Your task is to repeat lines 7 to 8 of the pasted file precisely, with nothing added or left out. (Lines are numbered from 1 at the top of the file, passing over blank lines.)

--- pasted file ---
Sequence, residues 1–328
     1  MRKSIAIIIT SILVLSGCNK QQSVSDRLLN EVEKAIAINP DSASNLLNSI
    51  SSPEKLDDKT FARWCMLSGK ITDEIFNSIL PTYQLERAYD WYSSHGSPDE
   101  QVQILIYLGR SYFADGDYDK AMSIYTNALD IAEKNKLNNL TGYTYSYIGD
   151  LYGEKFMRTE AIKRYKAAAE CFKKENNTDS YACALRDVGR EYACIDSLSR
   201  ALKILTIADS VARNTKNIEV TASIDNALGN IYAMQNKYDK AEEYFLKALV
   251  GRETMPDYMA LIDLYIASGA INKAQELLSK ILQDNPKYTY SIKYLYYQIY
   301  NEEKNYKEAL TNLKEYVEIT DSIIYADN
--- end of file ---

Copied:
   251  GRETMPDYMA LIDLYIASGA INKAQELLSK ILQDNPKYTY SIKYLYYQIY
   301  NEEKNYKEAL TNLKEYVEIT DSIIYADN